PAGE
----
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I. Yaipha asked: What is the role of ASEAN in resolving regional disputes such as the one in South China Sea?

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  • Sampa Kundu replies: The territorial disputes revolving around the South China Sea came into focus in the 1990s as China began to claim almost the entire South China Sea region on the basis of historical records. China’s claim has since been challenged by smaller Southeast Asian countries like Vietnam, the Philippines, Brunei and Malaysia. Indonesia too has few issues especially regarding the Nansha Islands.

    As the major disputant, China, while emphasising its sovereign rights on specific islands, wants to deal with the issues bilaterally. China has been building artificial islands on the Spratlys to purportedly protect its national interests. On the other hand, most of the members of the Association of Southeast Asian Nations (ASEAN) want to settle the issues multilaterally and want ASEAN to play a central role in it.

    As the ASEAN Regional Forum (ARF) was established in mid-1990s, it was expected that ASEAN would be able to raise its voice against China’s assertive behaviour in the South China Sea. However, ARF proved to be a toothless organisation and various efforts by ASEAN to restrain China from being hostile in the South China Sea (be it the implementation of the non-binding 2002 Declaration on the Conduct DOC of Parties in the South China Sea or the progress on the establishment of the binding Code of Conduct COC  for the South China Sea) have miserably failed.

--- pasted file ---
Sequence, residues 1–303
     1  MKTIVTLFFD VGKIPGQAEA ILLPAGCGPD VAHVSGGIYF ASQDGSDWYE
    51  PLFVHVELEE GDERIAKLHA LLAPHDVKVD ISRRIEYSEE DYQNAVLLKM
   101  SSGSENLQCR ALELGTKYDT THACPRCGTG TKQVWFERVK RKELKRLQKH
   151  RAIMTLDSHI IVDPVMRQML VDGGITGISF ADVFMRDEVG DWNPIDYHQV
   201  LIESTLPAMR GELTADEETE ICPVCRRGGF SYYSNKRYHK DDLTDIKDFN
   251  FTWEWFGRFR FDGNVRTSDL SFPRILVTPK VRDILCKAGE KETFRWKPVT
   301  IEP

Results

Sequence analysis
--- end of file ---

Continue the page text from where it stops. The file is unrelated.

Few ASEAN members even tried to involve extra-regional powers to balance China’s growing assertiveness in the region. However, the situation takes more twists and turns as the Southeast Asian disputants have conflicting claims even between them.

    China clearly has a dual-track approach towards the region. Beijing prefers to deal with regional countries through bilateral frameworks and mechanisms on the South China Sea issue, but recognises ASEAN as a collective entity when it comes to the question of economic cooperation and integration of the region.

    In addition, China’s investments in the region are too overwhelming for any country in the region to ignore. This has also caused differences amongst the Southeast Asian countries which tend to have varied perceptions about China’s economic engagements in the region. Countries like Malaysia and Cambodia tend to adopt softer approach towards China as they do not share any territorial dispute with China. Similarly, Myanmar too has a softer attitude given China’s huge investments in the country.

    China’s success in dividing the Southeast Asian countries first became evident when Cambodia that hosted and chaired the 2012 ASEAN Summit refused to issue the ASEAN communiqué to avoid condemning China’s assertion in the South China Sea. Member countries again failed to agree on issuing a joint statement specifying China’s growing stakes in the South China Sea at the end of the 2014 ASEAN Summit held in Myanmar.

    In the latest ASEAN Summit, held in Malaysia in November 2015, the member countries once again failed to come up with a joint statement referring to China’s assertiveness as a threat to regional peace and stability. It is clear that countries in the region have different perceptions and attitudes towards China and certainly do not share unanimity in their approach towards ASEAN.

    The failure of multilateralism to craft a unified approach on resolving regional disputes is as much a reality for ASEAN as is the fact that it gives China ample space and opportunity to vigorously nurture and pursue its proclaimed national interests in the region.

    Posted on January 07, 2016

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